The village of Melmoth first came into being as magistracy in 1887, after Zululand was annexed by the British. It wasn’t long before farmers recognised that conditions were perfect for growing wattle trees, used for the tannins in their bark. Today the town remains the centre of a sizeable wattle and timber industry, while the district contains a number of important and fascinating historical elements.
Head north from Melmoth on the R66 and you’ll soon enter the Mtonjaneni area, the cradle of the Zulu nation. Tradition says it was here, in the Mkhumbane valley, that a man named Zulu settled with a few followers, and it was from this handful of people that the Zulu people emerged. It is in the same valley that King Shaka built his first kraal, KwaBulawayo, and where many of the first Zulu kings resided, leading to it being known as the Valley of the Kings.
Carry on north and you will pass the site of Mgungundlovu, Dingaan’s kraal, where Piet Retief and his followers were murdered on a hill of execution called KwaMatiwane. A little further is Ulundi, where the Zulu nation was finally defeated by the British in a brutal but short-lived battle that lasted just 45 minutes. Memorials mark all the pertinent historical sites and a good guide can bring this bloodthirsty but intriguing history to life.
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The eMakhosini Ophate Heritage Park is 30 000 hectares of unspoilt hills and valleys that contains much of the Zulu history, including the partially rebuilt royal kraal at Umgungundlovu and the Valley of the Kings, as well as the site of Retief’s murder. A multimedia centre educates you on all of this history.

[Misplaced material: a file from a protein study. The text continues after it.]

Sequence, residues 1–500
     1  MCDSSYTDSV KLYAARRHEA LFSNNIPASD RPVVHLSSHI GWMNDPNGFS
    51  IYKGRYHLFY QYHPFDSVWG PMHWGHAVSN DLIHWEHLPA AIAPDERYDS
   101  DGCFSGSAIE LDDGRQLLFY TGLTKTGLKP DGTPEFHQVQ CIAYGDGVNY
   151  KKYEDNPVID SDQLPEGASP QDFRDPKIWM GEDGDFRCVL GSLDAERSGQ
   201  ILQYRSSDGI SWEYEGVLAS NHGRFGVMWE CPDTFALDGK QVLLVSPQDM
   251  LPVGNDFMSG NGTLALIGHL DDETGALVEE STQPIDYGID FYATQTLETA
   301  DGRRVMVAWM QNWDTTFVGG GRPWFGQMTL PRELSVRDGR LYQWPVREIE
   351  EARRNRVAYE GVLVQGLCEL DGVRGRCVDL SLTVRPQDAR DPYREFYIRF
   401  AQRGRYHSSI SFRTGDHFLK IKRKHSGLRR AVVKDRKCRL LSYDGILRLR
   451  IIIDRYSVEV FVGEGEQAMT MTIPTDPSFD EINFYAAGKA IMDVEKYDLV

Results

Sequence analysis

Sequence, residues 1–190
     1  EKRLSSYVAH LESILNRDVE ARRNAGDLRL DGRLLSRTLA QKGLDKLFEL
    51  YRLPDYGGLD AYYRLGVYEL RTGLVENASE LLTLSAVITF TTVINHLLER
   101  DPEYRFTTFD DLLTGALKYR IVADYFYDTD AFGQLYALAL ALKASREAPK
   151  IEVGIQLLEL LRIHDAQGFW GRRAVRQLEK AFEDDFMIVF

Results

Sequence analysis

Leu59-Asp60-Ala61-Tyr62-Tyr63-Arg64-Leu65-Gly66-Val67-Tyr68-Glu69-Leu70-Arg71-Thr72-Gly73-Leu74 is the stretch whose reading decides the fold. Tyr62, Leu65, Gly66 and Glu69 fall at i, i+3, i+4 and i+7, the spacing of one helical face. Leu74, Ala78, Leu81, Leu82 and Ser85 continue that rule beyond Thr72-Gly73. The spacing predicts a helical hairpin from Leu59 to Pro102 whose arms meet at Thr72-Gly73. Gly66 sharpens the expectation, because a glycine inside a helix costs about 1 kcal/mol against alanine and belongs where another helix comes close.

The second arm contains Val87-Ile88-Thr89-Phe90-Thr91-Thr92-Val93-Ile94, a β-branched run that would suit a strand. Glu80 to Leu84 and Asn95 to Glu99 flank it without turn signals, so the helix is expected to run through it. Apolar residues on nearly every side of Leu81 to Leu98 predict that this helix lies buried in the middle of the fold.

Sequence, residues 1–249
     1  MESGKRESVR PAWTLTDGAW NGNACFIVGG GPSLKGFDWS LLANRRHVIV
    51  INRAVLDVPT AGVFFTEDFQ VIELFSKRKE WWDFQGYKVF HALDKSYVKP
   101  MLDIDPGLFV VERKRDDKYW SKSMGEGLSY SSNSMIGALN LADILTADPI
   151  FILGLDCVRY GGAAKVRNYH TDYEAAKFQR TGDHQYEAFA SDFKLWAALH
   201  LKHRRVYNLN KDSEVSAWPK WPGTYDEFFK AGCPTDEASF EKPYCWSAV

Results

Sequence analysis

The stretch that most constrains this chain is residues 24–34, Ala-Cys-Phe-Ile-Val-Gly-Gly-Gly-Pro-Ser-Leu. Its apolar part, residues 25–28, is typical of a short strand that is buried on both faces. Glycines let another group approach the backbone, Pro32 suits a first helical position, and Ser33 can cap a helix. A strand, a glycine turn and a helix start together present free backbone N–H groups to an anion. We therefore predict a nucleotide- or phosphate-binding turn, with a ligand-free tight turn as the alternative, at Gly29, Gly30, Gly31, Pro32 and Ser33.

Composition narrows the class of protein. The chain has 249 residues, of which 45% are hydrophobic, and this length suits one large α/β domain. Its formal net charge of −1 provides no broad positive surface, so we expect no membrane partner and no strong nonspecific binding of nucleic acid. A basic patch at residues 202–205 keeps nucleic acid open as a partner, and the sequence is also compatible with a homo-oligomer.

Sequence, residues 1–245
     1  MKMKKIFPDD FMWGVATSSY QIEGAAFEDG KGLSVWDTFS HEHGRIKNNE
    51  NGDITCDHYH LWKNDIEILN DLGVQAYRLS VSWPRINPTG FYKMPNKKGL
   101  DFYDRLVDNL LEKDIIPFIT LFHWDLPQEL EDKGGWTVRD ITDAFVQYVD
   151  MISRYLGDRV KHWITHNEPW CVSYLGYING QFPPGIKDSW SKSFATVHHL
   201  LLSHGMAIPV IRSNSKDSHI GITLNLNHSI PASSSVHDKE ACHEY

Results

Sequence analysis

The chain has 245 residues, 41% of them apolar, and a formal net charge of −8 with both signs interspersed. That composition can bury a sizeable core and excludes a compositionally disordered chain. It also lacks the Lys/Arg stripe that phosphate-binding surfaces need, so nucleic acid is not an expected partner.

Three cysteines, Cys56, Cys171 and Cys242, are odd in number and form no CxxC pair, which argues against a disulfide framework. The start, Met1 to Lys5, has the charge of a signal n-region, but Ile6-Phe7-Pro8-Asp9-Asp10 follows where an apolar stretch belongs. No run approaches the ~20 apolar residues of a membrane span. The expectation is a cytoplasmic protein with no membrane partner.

Visit Shakaland, a recreated Zulu village overlooking Phobane Lake where you can stay in traditional Zulu beehive huts, but with all the mod cons. Learn all about Zulu life and culture, experience beer-making, stick-fighting and the sangoma’s witchcraft.
Simunye Zulu Lodge is another cultural experience that offers the opportunity to learn about life in Zululand and experience Zulu dancing.
Thula Thula Game Reserve has become known the world over thanks to Lawrence Anthony’s book, The Elephant Whisperer. A beautiful private game reserve, Thula Thula offers excellent game viewing and luxurious accommodation, and the chance to meet the larger-than-life characters of that great book.
Ulundi was the scene for the final battle of the Anglo-Zulu War. About 5000 English soldiers defeated an army of almost 20000 Zulu warriors, breaking the back of the nation. A memorial has been established to honour the fallen.
The Zulu Reed Ceremony is one of the most colourful cultural events in South Africa and takes place every year in spring, near Nongoma, north of Melmoth. More than 20 000 Zulu maidens form a procession to celebrate their nation and their king.